With the chemical composition of DNA sufficiently well established, the world of science appeared poised for a major shake-up in its understanding of heredity. Still, the road of discovery up until that time had been anything but a ‘walk in the park’. While important details concerning the components of DNA had been ironed out as early as 1909, several erroneous turns at the beginning of the twentieth century had thrown biologists ‘off piste’ into thinking that protein and not DNA lay at the heart of heredity.
In the 1940s the pioneering work of Erwin Chargaff brought heredity firmly back into its rightful place. Having shown unequivocally that DNA was made up of non-equal proportions of its constituent bases, Chargaff recognized that DNA might possess a language-style code that could act as the medium for inheritance. The intellectual journey that led James Watson to Cambridge University’s Cavendish Laboratory in 1951 eventually finished of course with a stunning confirmation of Chargaff’s suspicions.
Key to both Watson’s and Crick’s triumphant entry into the DNA race was their uninhibited drive to ask questions even if that meant revealing their ignorance. While others feared tarnished reputations should they expose any gaping holes in their understanding of the matter at hand, Watson and Crick had little to lose in their rise from obscurity. The Watson-Crick duo took valiant stabs at the DNA structure problem using data that others, notably Rosalind Franklin and Linus Pauling, had amassed. Indeed history tells of the tensions that existed between these rivals although many considered Watson and Crick to be nothing more than laughable ‘know nothings’ who had no business being where they were.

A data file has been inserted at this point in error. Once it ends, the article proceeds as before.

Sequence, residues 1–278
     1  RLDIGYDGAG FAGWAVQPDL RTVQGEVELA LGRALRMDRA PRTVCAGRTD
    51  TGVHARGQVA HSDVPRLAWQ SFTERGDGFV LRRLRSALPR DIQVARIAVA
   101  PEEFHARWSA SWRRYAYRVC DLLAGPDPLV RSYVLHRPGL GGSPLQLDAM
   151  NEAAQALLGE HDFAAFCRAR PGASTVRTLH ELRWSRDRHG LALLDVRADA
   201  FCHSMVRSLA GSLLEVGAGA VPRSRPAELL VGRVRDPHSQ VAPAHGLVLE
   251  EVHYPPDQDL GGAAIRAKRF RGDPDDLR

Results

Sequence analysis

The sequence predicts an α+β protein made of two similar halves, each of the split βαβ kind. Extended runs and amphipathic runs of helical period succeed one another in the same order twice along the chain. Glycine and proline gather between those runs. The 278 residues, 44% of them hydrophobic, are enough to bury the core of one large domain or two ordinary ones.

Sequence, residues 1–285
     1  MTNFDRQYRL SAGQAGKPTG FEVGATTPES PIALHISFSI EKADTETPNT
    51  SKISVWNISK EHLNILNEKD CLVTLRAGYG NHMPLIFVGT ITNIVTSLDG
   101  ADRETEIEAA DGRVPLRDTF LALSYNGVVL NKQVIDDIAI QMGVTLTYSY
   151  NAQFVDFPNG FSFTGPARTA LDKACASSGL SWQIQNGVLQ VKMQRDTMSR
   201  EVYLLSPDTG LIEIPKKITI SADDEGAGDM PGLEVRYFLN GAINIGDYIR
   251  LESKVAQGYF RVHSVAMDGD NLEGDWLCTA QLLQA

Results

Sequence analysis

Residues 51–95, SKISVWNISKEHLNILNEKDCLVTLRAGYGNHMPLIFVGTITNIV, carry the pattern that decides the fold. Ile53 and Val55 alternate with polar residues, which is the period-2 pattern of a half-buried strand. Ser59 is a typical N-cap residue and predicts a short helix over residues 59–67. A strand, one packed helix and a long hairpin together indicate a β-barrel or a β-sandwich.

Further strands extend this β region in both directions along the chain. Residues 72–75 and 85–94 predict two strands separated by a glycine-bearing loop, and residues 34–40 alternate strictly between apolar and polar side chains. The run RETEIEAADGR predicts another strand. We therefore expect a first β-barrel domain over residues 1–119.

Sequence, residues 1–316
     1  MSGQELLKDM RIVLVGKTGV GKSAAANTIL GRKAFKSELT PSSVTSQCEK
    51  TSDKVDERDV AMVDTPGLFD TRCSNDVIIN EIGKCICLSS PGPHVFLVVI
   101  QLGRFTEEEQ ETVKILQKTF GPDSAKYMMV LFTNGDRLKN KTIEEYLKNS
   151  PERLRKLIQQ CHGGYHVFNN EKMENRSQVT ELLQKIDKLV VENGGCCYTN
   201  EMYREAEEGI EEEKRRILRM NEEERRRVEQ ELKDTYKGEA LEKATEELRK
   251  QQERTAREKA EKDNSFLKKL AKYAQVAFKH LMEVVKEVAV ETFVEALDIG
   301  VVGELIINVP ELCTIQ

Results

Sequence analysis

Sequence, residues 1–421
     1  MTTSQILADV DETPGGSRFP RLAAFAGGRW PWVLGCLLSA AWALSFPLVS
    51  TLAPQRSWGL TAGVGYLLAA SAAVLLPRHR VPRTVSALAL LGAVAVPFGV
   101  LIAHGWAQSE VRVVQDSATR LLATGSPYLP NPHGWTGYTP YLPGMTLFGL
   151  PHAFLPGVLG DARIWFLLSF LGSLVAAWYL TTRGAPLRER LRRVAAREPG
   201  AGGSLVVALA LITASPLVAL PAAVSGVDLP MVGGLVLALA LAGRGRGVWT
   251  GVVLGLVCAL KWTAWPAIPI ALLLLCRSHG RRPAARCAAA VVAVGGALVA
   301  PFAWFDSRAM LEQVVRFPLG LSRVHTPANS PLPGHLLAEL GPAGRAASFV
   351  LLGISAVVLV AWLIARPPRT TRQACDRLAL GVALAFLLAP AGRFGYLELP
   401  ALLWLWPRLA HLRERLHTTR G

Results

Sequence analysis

Using little more than plastic and metal models Watson and Crick brought substance to the idea that a double helix with phosphate backbones running on the outside accorded best with the data. The ‘staircase structure’ that they ultimately arrived at was in all senses revolutionary as was the nine hundred word-long 1953 Nature paper they published just weeks later. Famously, Crick entered the Eagle pub just around the corner from the Cavendish laboratory to inform the masses that the ‘secret of life’ had at long last been found.
Meyer does a marvelous job in conveying the personal tensions that so characterized the DNA story. His extensive coverage of ‘turning point’ historical moments reveals an in-depth knowledge of the subject matter. Like few other scientific discoveries, that of the structure of DNA brought fundamental changes to our understanding of the chemistry of life since life itself could no longer be considered to be a mere product of matter and energy. As Meyer elaborates, information in the form of a DNA code had emerged as the critical player in defining the hereditary makeup of nature.